High absence (defined as being absent 15% or more the past semester) was found among 10.1% of the adolescents. Compared to their peers with low absence (less than 3% absence the past semester), adolescents with high absence were more likely to be in contact with all the services studied, including mental health services (odds ratio (OR) 3.96), adolescent health clinics (OR 2.11) and their general practitioner (GP) (OR 1.94). Frequency of contact was higher among adolescents with moderate and high absence and there seems to be a gradient of service use corresponding to the level of absence. Still, 40% of the adolescents with high absence had not been in contact with any services.
Adolescents with high absence had increased use of services, although a group of youth at risk seems to be without such contact. This finding suggests a potential to address school absenteeism through systematic collaboration between schools and health personnel.
Notes
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PubMed ID
26155938 View in PubMed
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The association between sleep problems and academic performance in primary school-aged children: Findings from a Norwegian longitudinal population-based study.

https://arctichealth.org/en/permalink/ahliterature308287
Source
PLoS One. 2019; 14(11):e0224139
Publication Type
Journal Article
Date
2019
Author
Kjell Morten Stormark
Hedvik Elisabeth Fosse
Ståle Pallesen
Mari Hysing
Author Affiliation
Regional Centre for Child and Youth Mental Health and Child Welfare, NORCE Norwegian Research Centre, Bergen, Norway.
Source
PLoS One. 2019; 14(11):e0224139
Date
2019
Language
English
Publication Type
Journal Article
Keywords
Academic Performance - psychology
Adolescent
Child
Female
Humans
Male
Norway - epidemiology
Parents - psychology
Schools
Sleep - physiology
Sleep Initiation and Maintenance Disorders - epidemiology - physiopathology - psychology
Sleep Wake Disorders - epidemiology - physiopathology - psychology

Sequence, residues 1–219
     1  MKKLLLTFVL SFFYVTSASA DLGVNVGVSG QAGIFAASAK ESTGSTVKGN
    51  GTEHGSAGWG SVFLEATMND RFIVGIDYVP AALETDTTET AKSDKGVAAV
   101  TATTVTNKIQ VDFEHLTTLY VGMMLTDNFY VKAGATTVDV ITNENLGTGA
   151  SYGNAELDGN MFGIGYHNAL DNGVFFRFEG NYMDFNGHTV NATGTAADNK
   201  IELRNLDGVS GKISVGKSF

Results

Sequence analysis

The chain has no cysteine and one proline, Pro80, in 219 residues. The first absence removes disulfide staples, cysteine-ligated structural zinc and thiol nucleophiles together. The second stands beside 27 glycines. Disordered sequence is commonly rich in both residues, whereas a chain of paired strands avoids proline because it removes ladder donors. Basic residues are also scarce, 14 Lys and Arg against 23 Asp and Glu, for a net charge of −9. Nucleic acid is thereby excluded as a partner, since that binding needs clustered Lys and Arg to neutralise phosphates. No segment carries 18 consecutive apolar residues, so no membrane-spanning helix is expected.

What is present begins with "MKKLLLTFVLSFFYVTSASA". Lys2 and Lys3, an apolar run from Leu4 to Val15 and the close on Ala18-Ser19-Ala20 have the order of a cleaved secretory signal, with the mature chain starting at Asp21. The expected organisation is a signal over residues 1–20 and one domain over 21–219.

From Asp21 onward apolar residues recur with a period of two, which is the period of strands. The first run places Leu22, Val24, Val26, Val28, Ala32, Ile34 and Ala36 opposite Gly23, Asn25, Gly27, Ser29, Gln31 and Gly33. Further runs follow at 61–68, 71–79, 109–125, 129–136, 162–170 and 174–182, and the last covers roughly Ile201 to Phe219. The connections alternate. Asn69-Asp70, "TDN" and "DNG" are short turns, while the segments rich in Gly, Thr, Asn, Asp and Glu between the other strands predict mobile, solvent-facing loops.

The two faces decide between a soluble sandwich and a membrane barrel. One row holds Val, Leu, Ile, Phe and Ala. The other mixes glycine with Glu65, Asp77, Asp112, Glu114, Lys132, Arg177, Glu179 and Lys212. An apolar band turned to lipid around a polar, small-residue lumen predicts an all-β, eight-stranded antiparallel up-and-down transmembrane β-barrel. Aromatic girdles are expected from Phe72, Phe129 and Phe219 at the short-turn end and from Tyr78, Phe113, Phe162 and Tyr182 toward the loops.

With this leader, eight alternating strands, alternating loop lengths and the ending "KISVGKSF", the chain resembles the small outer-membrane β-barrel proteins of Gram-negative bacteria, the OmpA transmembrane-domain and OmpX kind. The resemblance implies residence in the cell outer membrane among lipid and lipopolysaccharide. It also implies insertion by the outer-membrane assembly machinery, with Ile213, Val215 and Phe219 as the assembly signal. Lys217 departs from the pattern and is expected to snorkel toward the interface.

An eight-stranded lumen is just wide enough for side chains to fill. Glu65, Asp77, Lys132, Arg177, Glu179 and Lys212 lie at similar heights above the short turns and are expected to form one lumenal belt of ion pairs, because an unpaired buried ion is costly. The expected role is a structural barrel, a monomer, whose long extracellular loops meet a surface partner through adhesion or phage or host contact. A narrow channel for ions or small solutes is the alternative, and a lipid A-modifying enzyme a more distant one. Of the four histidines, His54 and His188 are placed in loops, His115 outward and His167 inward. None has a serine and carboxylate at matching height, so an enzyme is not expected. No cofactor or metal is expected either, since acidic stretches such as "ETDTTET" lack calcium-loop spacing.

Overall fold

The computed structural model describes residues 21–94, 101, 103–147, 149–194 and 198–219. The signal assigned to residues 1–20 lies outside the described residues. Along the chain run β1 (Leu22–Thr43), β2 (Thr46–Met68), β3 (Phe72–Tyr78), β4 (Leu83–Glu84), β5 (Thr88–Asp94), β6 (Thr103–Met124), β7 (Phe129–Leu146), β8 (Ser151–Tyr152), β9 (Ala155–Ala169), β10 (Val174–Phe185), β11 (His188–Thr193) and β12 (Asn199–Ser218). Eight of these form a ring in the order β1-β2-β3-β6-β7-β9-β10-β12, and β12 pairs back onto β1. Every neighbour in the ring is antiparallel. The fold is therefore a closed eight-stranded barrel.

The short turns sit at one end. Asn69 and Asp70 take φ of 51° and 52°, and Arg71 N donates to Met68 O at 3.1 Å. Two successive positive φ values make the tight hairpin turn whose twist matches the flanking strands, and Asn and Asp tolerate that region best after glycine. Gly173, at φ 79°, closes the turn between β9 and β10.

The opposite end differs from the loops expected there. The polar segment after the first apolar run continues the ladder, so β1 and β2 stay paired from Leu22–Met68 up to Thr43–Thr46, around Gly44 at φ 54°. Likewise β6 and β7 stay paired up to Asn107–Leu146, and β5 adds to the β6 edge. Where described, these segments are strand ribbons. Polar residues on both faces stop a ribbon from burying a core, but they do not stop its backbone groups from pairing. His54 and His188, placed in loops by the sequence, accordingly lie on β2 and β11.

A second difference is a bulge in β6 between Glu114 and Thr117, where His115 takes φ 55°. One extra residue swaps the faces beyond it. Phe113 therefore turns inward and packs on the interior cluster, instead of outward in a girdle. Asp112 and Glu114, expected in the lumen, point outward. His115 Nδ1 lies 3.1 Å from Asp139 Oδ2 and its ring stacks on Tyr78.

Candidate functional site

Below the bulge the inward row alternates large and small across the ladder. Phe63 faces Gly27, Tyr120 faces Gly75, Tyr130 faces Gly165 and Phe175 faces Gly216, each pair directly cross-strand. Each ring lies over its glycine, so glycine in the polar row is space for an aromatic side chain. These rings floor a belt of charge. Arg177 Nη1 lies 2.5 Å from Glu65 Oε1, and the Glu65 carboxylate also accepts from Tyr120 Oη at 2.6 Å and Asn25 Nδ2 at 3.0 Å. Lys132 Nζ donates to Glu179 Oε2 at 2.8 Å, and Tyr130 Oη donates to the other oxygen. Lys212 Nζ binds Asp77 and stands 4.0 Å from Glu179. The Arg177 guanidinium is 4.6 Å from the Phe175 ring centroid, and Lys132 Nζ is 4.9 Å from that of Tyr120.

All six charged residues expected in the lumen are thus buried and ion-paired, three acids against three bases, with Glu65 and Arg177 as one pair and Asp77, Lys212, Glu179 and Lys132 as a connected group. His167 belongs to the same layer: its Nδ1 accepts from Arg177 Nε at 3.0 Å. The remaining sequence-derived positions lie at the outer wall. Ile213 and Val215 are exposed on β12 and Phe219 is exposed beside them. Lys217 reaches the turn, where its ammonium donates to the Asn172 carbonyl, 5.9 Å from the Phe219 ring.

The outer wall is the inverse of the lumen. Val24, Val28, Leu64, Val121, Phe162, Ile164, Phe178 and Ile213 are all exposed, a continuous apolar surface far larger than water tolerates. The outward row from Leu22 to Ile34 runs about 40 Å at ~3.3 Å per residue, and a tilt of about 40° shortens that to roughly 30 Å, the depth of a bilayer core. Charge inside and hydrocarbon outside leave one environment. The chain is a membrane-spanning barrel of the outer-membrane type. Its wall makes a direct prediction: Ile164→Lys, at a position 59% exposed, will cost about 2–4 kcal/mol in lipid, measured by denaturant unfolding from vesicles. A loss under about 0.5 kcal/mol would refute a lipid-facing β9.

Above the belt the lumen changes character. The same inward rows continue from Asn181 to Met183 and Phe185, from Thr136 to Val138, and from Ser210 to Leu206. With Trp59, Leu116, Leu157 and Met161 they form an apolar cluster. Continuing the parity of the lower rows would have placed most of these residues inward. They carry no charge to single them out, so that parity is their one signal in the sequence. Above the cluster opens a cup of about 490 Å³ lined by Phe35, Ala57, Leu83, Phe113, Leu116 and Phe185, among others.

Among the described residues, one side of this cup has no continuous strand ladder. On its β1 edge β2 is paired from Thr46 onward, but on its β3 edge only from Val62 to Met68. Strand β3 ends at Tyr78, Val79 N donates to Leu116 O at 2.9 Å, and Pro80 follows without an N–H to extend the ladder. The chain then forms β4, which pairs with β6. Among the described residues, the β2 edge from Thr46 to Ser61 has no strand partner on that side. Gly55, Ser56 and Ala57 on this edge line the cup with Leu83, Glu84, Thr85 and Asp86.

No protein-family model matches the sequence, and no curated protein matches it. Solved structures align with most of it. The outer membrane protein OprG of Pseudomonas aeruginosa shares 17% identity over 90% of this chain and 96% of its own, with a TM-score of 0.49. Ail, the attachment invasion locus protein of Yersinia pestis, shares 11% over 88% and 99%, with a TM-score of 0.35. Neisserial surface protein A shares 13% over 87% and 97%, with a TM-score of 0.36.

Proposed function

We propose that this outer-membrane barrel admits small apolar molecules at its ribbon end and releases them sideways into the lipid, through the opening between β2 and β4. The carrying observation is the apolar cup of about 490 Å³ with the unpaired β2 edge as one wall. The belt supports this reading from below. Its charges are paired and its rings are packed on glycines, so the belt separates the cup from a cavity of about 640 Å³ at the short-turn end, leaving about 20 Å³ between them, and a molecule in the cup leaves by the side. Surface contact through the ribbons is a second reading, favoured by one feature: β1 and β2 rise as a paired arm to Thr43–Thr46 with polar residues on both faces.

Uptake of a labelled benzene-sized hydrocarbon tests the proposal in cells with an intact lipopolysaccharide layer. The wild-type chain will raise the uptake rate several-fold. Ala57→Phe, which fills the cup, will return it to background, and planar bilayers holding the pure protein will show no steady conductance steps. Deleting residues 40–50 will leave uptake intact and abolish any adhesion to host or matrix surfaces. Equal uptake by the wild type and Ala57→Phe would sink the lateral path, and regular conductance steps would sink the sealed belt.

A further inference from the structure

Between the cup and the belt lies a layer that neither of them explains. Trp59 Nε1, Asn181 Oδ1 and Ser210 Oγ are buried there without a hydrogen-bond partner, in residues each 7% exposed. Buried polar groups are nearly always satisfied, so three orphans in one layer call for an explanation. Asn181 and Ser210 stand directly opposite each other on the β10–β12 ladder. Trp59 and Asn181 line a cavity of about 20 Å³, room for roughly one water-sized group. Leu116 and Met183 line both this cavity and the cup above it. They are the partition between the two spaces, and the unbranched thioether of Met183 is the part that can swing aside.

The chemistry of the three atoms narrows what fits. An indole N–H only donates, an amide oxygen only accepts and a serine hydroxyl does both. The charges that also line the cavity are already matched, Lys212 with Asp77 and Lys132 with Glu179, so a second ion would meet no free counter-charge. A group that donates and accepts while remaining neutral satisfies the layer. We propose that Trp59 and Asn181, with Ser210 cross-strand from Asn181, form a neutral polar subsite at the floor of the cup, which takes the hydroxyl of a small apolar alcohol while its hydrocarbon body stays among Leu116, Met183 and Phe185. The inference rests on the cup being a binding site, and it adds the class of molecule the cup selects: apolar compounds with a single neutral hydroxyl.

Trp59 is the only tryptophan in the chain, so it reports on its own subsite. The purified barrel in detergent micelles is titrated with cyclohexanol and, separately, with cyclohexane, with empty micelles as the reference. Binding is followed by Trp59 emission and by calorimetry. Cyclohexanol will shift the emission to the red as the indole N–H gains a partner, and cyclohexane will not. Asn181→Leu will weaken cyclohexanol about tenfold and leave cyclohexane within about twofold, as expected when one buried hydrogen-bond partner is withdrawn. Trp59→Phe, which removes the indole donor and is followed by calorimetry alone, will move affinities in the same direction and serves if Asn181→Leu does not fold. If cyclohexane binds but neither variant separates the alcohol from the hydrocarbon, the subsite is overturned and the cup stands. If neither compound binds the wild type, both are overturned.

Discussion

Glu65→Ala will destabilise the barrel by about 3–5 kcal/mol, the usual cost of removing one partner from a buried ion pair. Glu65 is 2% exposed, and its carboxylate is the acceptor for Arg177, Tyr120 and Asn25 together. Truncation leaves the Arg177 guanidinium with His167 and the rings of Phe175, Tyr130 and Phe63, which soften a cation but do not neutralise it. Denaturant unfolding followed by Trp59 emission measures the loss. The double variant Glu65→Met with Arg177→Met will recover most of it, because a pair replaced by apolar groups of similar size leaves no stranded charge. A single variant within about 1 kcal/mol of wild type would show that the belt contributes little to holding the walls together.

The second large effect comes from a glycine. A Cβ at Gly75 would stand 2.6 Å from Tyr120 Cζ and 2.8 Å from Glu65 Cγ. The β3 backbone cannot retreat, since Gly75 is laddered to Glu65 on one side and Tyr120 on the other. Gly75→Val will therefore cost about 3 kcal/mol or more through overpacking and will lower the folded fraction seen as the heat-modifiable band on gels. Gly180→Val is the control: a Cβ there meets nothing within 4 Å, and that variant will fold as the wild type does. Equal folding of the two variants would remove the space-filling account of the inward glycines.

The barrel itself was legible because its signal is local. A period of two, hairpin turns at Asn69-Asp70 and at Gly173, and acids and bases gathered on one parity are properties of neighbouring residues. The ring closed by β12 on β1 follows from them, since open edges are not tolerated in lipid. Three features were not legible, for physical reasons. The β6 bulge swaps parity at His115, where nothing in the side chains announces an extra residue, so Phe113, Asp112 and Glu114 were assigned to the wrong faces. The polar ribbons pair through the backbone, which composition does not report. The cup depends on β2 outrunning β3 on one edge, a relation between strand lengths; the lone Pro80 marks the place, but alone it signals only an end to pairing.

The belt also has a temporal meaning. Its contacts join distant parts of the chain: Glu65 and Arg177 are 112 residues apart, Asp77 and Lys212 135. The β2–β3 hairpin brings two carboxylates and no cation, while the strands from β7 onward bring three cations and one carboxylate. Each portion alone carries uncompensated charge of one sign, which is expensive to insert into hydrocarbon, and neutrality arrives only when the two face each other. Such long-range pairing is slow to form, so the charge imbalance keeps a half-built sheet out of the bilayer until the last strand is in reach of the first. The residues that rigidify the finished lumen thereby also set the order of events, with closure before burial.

Surveys and Questionnaires
Abstract
The purpose of this study was to examine the longitudinal association between concurrent, transitory and persistent difficulties initiating and maintaining sleep (DIMS) on academic performance in children in a. longitudinal child-cohort (N = 3986) targeting school-aged children when they were 7-9 years (T1) and 11-13 years (T2) old, whilst controlling for mental health problems. DIMS were parent-reported at T1 and T2 and academic performance teacher-reported at T2. Mental health was based on child self-report at T2 using the Strength and Difficulties Questionnaire (SDQ). In all, 10.6% (n = 423) of the children had poor school performance at T2. These had more symptoms of externalizing and internalizing mental health problems (p.
PubMed ID
31697711 View in PubMed
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Body size estimation in early adolescence: factors associated with perceptual accuracy in a nonclinical sample.

https://arctichealth.org/en/permalink/ahliterature134520
Source
Body Image. 2011 Jun;8(3):275-81
Publication Type
Article
Date
Jun-2011
Author
Liv Sand
Bryan Lask
Kjartan Høie
Kjell Morten Stormark
Author Affiliation
Centre for Child and Adolescent Mental Health, Uni Health, Bergen, Norway. liv.sand@uni.no
Source
Body Image. 2011 Jun;8(3):275-81
Date
Jun-2011
Language
English
Publication Type
Article
Keywords
Adolescent
Analysis of Variance
Body Image
Body mass index
Body Size
Body Weight
Child
Cohort Studies
Eating Disorders - diagnosis - psychology
Female
Humans
Judgment
Longitudinal Studies
Male
Norway
Photography
Psychometrics
Questionnaires
Self Concept
Sex Distribution